Mr. Gladden has assigned a member of his staff to apply for available grants to help fund the renovation, including the National Endowment for the Humanities’ emergency grants for cultural institutions hit by Hurricanes Harvey and Irma. Applications for the federal grant opened last Thursday, allowing institutions to apply for up to $30,000 to preserve documents, artworks or structures damaged by the hurricane. The NEH gave out about $2 million in similar funding after Hurricane Katrina in 2005.
“The idea is to get the money to these institutions who need it as fast as possible,” said Paula Wasley, a spokeswoman for the NEH.
Mr. Gladden expects to reopen the main theater by November, in time for “A for Christmas Carol,” but the Neuhaus Theatre will take longer.
Still, staff—many of whom are also contending with personal losses of homes and more—are keeping it all in perspective. “The important thing is that we are all standing here, safe,” said Ms. Vance. “The rest of it—all this stuff—we can rebuild. It is just stuff.”
Not every school is a Power 5 NCAA school, but that doesn’t mean they aren’t doing what it takes to make game-day experiences more enjoyable for their guests.
The South Dakota School of Mines and Technology (SD Mines) in Rapid City, South Dakota, is welcoming a new LED video display at O’Harra Stadium as well as a new marquee display manufactured and installed by Daktronics. The new displays were installed before the start of the 2017 football season.
“Partnerships and branding with Daktronics elevates our game time experience for our fans and scholar-athletes,” said SD Mines Athletics Director Joel Lueken. “We couldn’t be happier with our scoreboard.”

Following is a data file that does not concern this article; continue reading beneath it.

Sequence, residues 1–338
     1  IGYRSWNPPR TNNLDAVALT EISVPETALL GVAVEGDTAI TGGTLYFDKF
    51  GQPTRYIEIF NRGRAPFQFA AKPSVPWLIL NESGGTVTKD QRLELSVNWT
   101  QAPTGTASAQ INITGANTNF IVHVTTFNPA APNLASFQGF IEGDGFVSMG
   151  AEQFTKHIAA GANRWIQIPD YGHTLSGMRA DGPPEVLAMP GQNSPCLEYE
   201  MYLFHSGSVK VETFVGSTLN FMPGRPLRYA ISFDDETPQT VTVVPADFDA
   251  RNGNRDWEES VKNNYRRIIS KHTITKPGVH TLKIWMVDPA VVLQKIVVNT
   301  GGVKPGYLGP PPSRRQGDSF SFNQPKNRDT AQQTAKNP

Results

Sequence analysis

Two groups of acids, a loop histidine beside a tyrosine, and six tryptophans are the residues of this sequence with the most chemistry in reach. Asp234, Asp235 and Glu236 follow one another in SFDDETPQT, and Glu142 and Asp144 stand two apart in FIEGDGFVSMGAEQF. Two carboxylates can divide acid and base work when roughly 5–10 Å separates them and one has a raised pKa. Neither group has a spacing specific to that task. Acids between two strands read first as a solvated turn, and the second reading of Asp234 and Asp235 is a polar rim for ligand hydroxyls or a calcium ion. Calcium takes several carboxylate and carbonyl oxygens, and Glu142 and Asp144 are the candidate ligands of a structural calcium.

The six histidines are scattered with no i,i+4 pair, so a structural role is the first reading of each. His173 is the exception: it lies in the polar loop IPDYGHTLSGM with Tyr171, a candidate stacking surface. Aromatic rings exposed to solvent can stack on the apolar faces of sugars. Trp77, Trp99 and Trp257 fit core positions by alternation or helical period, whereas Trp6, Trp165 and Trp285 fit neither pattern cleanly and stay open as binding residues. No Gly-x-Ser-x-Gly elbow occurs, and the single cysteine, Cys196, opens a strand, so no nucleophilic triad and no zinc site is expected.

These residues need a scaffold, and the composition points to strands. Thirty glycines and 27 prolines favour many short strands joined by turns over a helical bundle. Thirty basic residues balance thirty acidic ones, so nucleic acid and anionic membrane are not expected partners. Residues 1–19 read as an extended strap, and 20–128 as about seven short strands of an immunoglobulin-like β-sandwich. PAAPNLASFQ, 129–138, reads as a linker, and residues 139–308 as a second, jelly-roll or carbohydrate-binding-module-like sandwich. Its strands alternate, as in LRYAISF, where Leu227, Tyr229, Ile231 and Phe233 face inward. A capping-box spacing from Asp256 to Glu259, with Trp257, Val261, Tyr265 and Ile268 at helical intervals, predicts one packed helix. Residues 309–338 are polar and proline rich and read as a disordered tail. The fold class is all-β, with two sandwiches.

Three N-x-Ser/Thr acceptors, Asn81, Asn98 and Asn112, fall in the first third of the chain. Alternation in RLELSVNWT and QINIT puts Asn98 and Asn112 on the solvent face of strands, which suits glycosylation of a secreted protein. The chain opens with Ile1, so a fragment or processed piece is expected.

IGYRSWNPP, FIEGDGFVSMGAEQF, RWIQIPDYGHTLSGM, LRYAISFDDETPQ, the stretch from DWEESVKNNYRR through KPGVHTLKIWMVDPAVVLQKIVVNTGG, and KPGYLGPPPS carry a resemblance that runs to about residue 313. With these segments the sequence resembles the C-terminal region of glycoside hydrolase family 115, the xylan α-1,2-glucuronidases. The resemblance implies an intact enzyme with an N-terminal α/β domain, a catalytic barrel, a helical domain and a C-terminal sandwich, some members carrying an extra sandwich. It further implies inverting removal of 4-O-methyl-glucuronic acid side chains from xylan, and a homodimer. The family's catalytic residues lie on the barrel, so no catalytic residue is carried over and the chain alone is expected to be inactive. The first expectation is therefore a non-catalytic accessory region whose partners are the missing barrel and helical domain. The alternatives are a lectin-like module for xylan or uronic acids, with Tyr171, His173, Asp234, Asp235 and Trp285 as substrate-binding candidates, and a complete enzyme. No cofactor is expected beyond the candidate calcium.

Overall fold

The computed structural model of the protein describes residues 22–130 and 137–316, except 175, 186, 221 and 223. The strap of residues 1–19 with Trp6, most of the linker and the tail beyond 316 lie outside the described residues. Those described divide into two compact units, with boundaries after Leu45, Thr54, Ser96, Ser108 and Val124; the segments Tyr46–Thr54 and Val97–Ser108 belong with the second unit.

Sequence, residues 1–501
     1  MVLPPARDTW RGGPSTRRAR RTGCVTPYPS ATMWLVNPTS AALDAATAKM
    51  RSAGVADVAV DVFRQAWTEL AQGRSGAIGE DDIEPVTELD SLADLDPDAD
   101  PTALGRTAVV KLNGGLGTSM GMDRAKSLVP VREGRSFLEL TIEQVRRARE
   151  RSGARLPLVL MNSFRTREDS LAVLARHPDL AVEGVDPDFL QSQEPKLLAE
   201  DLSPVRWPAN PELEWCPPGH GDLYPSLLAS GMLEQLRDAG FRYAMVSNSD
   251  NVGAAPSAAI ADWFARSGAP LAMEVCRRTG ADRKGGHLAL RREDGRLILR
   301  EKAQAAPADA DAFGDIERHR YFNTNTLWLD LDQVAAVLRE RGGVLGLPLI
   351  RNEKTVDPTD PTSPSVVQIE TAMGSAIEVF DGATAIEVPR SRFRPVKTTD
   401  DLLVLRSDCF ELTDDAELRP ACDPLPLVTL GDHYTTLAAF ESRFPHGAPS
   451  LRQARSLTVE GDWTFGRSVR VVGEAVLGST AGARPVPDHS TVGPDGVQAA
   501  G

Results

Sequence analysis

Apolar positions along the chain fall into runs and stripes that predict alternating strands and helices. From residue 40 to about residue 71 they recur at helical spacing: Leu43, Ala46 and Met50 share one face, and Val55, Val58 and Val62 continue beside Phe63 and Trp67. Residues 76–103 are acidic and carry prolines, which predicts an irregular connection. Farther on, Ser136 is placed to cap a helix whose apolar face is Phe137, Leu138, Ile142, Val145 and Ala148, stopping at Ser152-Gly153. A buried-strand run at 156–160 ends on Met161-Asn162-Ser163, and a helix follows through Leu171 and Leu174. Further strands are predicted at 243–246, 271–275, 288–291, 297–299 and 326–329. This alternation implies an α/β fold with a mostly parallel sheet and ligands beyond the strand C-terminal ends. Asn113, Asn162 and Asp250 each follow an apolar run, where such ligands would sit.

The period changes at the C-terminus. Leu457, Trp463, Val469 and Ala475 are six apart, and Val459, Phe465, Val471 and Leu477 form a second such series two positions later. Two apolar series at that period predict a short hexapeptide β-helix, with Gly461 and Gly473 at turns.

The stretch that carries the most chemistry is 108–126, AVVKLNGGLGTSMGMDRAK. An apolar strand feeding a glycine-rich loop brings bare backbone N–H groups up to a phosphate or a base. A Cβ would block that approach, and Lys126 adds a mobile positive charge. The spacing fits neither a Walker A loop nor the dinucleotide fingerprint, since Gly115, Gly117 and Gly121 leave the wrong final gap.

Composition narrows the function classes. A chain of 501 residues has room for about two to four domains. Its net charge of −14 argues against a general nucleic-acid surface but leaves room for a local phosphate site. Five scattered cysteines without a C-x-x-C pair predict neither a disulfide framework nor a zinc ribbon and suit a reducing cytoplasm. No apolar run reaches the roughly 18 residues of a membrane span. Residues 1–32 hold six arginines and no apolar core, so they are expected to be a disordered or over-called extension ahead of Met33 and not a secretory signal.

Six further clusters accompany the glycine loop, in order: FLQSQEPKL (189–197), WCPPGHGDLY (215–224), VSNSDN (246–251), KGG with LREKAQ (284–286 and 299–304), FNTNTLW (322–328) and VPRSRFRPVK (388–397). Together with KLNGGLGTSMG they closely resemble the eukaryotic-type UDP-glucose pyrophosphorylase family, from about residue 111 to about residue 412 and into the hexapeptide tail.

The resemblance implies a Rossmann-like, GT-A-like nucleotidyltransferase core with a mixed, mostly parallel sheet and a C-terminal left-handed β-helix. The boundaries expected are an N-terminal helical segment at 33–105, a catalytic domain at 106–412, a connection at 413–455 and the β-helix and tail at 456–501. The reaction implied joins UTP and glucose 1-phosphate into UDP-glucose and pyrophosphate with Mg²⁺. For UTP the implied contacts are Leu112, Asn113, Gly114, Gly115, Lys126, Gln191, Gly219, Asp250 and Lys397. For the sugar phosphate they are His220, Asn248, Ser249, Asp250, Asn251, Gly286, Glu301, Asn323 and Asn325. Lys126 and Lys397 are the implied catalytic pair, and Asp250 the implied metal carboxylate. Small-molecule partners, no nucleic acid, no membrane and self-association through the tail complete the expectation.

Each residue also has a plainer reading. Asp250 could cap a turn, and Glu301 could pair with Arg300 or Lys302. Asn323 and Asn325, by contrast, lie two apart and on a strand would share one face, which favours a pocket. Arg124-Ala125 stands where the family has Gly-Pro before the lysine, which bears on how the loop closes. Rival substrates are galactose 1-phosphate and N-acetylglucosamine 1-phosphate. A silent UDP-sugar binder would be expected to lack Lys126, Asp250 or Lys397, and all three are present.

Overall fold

The new display measures 20.5 feet high by 35 feet wide and features a 15HD pixel layout for excellent image clarity and contrast. It is capable of variable content zoning allowing it to show one large image or to show multiple zones of live video, instant replays, statistics, graphics and sponsorship messages.
Capable of full-color imagery and graphics, the school’s new marquee display measures 5.5 feet high by 12 feet wide with 15-millimeter line spacing to welcome fans and promote upcoming events and sponsors.
“Daktronics appreciates the opportunity to once again partner with SD Mines for these display upgrades at O’Harra Stadium,” said Matt Warnke, Daktronics sales representative. “This technology will help in taking the game-day environment to the next level. We look forward to the football season and the 2018 track season to see the impact of these displays.”
Additionally, a game clock/running clock will be installed for the football and track seasons measuring 4 feet high by 14 feet wide. Two play clocks will cap off the stadium’s upgrades to keep fans immersed in the action throughout each event.
Founded in 1885, the South Dakota School of Mines & Technology is a science and engineering research university located in Rapid City, offering bachelor’s, master’s and doctoral degrees. The university enrolls 2,859 students with a student-to-faculty ratio of 15:1. The SD School of Mines placement rate is 96 percent, with an average starting salary of $62,929.
Industry veteran Joe Sassano, who led the opening of the Edmund P. Joyce Athletic & Convocation Center in 1968 on the campus of the University of Notre Dame before his retirement in 2003, passed away on September 19 at the age of 85.
“I am saddened to inform you that Joe Sassano passed away at his home,” Fighting Irish Media (FIM) executive director Dan Skendzel said in an email. “He had been in and out of the hospital over the past few weeks dealing with congenital heart failure and will be missed.”
Sassano attended Notre Dame, earning a bachelor’s degree in 1955 and a master’s in guidance and counseling in 1959.
Sassano had been of the Joyce Center management since the building opened in 1968. He previously spent nine years as head football coach at Weber High School in Chicago, winning two Catholic League titles. He’s a 1955 Notre Dame graduate who also earned a master’s degree from Notre Dame in 1959.